Handloom at the movies

Just a couple of days after Viswasam released in January, Anu Vardhan was fielding calls from fans who wanted the vibrant checked handloom silk-cotton saris that Nayanthara wore in the family drama. She couldn’t place orders fast enough with weavers in Kancheepuram and Periyapalayam to recreate the six yards in combinations of fuchsia and purple. “The same people who I had trouble convincing to make Chettinad checks earlier [they claimed the saris wouldn’t sell] were now getting orders from big stores. That’s the impact of what you see in movies,” says the stylist/designer.

Then, in February, Seenu Ramasamy’s Kanne Kalaimaane brought the spotlight back on handloom. Tamannaah, who played a Saurashtrian hailing from a family of weavers, was turned out in elegant saris sourced from Co-optex, the Tamil Nadu Handloom Weavers’ Cooperative Society. It was a conscious choice, says the director, who grew up among weavers. “I wanted to encourage handloom, and I thought this was a great way to do it. Did you know a person has to move his feet and hands 18,000 times to weave a garment? I wanted to showcase the result of that hard work, which is why the camera focusses on name tags — who wove it, how many hours it took,” he says.

Anu Vardhan

Anu Vardhan  

Six-yard statement

Handlooms aren’t new in Tamil cinema — we’ve seen gorgeous cottons and silks on Balu Mahendra, K Balachander and Mani Ratnam heroines. But in the last two years, the choice seems to be more mindful. At a time when sustainability is the buzzword, it is perhaps a reflection of the bigger trend we are seeing in fashion, one led by social media campaigns like the #100sareepact, revival of weaving traditions, and sustainable fashion sessions at Lakmé Fashion Week. “There has been a general revival of handloom culture, with initiatives by the Crafts Council of India,” says Poornima Ramasamy. “Celebrities across industries, from Vidya Balan to Jyotika and Nayanthara, are wearing a lot of handloom, and in the corporate world too, women are wearing saris. So real life is influencing the reel.”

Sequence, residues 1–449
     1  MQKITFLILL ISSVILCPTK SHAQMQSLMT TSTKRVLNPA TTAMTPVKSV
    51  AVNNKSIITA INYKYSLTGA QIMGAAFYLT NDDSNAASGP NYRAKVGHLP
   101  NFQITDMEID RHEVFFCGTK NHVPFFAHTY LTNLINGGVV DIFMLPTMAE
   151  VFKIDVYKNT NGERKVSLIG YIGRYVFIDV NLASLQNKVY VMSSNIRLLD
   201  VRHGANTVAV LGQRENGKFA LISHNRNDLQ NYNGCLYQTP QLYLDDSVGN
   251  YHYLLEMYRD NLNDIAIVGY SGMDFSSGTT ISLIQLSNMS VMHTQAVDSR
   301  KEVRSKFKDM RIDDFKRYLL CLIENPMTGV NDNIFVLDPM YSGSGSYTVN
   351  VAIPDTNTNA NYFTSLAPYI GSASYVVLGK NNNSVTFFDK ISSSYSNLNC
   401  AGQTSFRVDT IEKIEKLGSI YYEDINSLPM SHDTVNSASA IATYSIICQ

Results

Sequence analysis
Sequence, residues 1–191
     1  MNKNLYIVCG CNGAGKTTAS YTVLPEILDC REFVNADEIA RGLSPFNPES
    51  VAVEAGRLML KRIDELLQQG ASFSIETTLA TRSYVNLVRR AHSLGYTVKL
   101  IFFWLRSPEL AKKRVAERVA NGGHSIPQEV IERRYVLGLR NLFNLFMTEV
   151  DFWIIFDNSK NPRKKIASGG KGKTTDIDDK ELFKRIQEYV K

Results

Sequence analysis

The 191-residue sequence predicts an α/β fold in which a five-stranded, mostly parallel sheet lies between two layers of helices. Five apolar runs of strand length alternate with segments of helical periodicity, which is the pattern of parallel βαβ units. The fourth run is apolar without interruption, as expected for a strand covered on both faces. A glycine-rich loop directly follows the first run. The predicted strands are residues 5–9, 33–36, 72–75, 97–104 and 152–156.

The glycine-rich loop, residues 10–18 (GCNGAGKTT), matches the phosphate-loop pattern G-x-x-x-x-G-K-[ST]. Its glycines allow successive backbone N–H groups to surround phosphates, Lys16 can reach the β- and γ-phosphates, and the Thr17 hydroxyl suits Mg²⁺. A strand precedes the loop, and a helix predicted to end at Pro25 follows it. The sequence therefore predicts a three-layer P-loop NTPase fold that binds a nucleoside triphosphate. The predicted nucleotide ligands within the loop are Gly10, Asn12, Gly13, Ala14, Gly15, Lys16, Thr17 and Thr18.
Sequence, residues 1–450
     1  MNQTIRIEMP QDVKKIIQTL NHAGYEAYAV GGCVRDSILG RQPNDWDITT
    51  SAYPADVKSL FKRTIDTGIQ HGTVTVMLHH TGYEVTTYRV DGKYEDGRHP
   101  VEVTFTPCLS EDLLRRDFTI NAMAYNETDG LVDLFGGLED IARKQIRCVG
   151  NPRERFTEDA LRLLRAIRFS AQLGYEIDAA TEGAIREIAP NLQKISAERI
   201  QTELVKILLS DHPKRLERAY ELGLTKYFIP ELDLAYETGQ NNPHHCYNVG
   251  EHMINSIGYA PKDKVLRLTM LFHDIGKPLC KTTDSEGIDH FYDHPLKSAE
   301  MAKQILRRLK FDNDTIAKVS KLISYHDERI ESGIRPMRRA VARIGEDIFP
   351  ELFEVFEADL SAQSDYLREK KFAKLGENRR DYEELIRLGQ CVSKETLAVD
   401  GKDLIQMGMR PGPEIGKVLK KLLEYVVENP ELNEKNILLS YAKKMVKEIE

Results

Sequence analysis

The National Award-winning designer has been pushing handloom’s case for a while now. Jyotika’s chosen stylist, she outfitted the entire cast of Theeran Adhigaaram Ondru (2017) in organic cotton dyed to suit the tone of the film. It helps that she used to work with weavers in the Coimbatore and Erode belt before entering films. “Handloom cotton looks lovely on screen. It has a depth and texture unlike any other fabric,” says Ramasamy, who also shops at Tüla, a social enterprise in Adyar, Chennai, that works with cotton farmers. Her most recent outing with Jyotika was in Kaatrin Mozhi, and she is now waiting to see how Vidya Balan’s look, in her début Tamil film, Ajith-starrer Nerkonda Paarvai, is received.

Poornima Ramasamy

Poornima Ramasamy  

Conscious change

Needless to say, the character’s role in the film influences the costume designer’s choice. “In Viswasam, Nayanthara played a doctor from Mumbai, who comes down to conduct medical camps. I felt she must be a socially-conscious person,” says Vardhan, who began looking at handloom because she feels strongly about sustainable, environmentally-conscious fashion. “When [director] Siva narrated the story, he talked about the joint family culture and that brought to mind my early days in Pudukkottai, when my grandmother dressed in Chettinad checks. So I chose colours and saris that connected with my roots.”